The ultimate role of the CRS:

  • Storing availability, rate and descriptive information
  • Presenting that information to “front ends” – CRO displays, GDS, Internet sites
  • Processing reservation transactions
  • Dispatching confirmations to hotels

Right?  Wrong!  Examples abound of hotel company executives — in marketing, operations and reservations — revising their expectations of the central reservations and related technology installed within their operations.  They understand that technology now offers the opportunity, and competition has generated the need, for not only efficient transaction processing and distribution through electronic channels but also a broader, deeper and more timely picture of enterprise-wide activity and what it means.

Take Inter-Continental Hotels and Resorts, for example.  Their Global 2000 project has expanded the functions of, and interfaces between, the central reservation, property management and communications systems, as well as installed data base warehousing and analysis tools.  The goal?  To extract complete folio data for every guest stay at its hotels.  The benefits?  Many, including:

  • A rich data base of individual guest activity — and not just the frequent travelers.  Analyzed on a macro level, the result is local, regional and global indications, travel trends and preferences.  On a micro level, data base marketing takes on a new level of detail and accuracy.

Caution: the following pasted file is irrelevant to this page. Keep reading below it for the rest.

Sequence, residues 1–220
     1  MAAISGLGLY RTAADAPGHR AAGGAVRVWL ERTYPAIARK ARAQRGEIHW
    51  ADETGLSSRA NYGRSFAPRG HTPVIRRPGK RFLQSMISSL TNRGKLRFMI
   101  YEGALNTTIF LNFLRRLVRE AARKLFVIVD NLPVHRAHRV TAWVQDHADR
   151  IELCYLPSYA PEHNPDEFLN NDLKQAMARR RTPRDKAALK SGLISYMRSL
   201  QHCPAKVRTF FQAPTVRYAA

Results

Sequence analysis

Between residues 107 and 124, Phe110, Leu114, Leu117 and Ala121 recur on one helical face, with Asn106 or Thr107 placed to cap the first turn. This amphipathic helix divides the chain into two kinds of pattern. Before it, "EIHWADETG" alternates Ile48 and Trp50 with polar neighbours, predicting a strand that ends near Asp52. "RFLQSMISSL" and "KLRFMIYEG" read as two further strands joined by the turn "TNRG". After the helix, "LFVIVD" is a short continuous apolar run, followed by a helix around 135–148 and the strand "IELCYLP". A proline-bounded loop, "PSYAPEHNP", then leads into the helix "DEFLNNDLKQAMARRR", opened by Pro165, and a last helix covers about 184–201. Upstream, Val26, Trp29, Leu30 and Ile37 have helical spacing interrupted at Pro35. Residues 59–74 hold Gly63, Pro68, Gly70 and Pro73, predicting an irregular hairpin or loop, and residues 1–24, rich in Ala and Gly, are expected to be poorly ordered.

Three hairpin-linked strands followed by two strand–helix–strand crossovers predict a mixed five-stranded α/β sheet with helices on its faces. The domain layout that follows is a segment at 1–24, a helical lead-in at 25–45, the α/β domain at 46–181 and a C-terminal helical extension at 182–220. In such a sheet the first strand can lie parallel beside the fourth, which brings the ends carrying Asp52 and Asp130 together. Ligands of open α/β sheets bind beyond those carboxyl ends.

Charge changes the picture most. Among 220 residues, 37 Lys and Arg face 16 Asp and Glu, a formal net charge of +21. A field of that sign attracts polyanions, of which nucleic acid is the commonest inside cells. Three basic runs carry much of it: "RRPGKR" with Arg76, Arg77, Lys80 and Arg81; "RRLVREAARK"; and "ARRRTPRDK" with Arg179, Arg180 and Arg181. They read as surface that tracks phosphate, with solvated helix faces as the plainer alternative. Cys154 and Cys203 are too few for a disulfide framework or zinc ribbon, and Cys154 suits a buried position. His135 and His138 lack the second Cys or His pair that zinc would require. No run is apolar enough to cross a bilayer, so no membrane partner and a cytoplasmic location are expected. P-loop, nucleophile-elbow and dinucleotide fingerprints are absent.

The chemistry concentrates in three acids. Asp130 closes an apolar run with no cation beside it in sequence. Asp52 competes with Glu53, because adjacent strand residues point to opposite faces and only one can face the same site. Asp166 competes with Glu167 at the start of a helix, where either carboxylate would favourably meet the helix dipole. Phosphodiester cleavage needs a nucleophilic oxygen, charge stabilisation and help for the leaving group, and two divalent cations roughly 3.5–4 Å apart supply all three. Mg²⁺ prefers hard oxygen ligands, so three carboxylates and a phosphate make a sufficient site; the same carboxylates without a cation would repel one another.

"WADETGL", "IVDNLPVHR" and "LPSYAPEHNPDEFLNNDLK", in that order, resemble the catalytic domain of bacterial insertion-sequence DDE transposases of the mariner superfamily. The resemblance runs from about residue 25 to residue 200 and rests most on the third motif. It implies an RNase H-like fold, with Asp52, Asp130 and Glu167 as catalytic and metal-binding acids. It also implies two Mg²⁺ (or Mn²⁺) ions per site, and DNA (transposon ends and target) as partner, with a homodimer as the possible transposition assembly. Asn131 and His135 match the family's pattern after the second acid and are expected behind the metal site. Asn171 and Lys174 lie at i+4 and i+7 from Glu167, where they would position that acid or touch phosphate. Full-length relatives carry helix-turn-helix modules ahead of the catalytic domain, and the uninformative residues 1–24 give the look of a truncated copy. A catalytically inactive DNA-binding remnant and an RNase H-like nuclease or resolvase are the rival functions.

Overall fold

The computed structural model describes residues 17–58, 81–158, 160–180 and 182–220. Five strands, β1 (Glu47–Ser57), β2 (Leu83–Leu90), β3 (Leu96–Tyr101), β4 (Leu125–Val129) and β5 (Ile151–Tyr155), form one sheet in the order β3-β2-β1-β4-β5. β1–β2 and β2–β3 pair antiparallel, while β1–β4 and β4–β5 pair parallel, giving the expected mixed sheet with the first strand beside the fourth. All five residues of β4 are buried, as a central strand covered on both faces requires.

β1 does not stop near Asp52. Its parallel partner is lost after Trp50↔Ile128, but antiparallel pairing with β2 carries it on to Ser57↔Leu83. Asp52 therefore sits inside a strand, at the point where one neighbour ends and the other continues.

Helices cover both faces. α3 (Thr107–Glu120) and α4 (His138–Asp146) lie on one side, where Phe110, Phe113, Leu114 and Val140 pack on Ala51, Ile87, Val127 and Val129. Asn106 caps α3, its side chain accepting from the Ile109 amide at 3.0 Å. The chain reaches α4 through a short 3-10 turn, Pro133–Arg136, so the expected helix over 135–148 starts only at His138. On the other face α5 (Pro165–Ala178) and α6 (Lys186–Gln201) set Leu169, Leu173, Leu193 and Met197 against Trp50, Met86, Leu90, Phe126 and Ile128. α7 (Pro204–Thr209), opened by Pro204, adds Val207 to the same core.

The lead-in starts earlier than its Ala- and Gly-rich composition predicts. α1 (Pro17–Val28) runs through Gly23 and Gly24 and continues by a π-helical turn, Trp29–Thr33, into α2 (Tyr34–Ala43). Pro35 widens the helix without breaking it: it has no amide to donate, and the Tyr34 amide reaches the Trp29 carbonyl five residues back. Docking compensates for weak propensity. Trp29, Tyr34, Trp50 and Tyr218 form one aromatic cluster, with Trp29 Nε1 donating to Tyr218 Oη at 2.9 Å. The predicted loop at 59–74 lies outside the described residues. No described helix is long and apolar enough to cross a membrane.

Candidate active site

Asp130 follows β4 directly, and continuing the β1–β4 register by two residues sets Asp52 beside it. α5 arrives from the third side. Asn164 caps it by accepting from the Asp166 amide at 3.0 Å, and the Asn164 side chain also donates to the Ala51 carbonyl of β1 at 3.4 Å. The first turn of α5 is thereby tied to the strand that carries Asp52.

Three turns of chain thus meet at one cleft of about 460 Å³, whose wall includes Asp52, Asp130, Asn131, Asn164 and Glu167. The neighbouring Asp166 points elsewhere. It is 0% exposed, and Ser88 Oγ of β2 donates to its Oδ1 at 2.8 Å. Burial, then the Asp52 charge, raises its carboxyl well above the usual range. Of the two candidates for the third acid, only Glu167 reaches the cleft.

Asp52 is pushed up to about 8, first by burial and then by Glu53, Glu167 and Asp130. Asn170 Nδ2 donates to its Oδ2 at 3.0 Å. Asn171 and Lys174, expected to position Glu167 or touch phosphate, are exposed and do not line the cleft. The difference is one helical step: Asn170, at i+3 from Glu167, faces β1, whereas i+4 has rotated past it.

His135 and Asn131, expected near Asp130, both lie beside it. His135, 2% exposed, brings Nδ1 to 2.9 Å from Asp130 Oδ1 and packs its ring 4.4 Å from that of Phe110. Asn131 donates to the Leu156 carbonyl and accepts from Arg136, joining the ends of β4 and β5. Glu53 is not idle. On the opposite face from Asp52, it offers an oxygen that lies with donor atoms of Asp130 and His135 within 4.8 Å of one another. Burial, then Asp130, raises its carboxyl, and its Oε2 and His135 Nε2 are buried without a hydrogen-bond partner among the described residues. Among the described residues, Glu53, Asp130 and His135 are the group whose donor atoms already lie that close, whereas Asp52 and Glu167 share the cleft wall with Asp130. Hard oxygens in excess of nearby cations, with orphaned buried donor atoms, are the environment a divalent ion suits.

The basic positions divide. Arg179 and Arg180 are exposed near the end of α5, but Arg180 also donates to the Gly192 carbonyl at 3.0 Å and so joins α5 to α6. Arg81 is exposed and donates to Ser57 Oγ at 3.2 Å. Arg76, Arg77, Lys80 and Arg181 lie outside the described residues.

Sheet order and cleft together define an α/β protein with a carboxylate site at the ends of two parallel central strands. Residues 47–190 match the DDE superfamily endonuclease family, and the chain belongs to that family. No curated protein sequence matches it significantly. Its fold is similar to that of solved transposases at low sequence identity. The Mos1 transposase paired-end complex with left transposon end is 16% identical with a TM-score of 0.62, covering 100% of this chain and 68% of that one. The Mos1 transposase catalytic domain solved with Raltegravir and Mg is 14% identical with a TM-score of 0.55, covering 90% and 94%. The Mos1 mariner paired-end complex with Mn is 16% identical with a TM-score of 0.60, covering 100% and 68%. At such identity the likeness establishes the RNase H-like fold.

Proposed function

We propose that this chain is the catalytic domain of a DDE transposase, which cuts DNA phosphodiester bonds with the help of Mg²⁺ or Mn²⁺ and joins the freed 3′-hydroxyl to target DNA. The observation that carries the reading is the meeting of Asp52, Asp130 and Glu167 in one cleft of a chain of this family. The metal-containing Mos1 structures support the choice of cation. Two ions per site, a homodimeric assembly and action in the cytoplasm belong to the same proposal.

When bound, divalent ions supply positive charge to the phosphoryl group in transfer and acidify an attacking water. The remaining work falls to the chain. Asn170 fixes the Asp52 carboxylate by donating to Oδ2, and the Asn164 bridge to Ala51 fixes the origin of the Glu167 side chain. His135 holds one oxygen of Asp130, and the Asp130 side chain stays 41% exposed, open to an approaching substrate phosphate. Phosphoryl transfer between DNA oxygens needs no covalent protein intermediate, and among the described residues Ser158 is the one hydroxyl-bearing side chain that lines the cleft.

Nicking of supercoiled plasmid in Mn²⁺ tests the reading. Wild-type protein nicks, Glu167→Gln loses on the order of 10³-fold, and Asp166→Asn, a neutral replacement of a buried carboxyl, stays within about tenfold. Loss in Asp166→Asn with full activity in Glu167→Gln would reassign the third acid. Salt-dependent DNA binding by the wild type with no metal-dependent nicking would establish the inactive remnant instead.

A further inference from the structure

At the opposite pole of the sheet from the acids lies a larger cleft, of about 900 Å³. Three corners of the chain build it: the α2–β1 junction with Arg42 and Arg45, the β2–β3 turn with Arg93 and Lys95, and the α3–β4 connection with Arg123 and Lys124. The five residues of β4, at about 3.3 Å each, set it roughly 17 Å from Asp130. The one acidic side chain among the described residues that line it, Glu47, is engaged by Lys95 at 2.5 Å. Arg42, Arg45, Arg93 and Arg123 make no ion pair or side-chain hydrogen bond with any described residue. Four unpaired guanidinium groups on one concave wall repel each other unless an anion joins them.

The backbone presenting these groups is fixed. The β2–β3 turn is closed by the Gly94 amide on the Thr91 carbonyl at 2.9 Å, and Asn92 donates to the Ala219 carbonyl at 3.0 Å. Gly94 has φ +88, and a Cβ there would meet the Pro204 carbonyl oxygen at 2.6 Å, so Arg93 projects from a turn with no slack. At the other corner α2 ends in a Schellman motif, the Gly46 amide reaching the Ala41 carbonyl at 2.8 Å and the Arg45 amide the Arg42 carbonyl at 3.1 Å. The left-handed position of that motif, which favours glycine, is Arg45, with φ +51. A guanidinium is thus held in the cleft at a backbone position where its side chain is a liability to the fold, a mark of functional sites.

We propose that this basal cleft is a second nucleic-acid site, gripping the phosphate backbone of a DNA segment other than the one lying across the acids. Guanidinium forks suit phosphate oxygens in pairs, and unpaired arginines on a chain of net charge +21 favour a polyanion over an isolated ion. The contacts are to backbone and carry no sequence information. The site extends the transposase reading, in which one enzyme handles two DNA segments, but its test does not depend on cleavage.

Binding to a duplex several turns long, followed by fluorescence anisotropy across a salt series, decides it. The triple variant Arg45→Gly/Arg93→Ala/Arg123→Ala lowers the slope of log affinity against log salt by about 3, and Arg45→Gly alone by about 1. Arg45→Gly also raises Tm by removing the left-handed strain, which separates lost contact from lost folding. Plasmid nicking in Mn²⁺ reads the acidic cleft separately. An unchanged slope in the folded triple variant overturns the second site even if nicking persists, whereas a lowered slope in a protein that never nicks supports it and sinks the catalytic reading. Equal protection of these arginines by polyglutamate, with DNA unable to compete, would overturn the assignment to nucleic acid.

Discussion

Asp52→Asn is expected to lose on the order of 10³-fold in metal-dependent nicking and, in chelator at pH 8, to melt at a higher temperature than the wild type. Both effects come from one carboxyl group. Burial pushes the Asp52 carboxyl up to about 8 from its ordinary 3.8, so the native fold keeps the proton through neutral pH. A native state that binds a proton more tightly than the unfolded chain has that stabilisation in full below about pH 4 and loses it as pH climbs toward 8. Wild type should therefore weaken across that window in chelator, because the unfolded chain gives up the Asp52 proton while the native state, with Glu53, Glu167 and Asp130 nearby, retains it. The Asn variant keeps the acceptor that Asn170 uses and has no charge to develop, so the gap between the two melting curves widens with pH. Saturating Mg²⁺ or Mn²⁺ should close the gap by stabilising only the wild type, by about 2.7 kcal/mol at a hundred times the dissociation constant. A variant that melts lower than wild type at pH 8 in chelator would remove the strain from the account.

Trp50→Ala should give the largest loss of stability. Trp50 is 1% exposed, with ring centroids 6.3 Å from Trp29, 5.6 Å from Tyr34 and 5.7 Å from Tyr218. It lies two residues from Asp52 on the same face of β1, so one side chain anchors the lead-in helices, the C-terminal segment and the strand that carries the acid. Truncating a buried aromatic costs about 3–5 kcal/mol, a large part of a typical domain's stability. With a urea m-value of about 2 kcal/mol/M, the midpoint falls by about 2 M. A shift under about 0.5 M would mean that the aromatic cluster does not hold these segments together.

• Complete, chain-wide utilization data for every corporate account, travel agency and channel of distribution.  Finally, real producers can be identified, and the best rates granted to those who are actually delivering (not just reserving) the most business.
  • Immediate availability of company-wide operating statistics based on uploaded hotel production figures.  Booking trends, by promotion, can be detected and analyzed using full and complete data.

A multi-year project, Global 2000 was neither quick, simple nor inexpensive to implement.  Has it been worth the effort?  “Absolutely!  Many companies rely on a ‘gut feel’ when determining trends or who their customers are.  We now identifiy these based on facts,” says Wayne Savard, vice president, Rooms & Reservations, Inter-Continental Hotels and Resorts.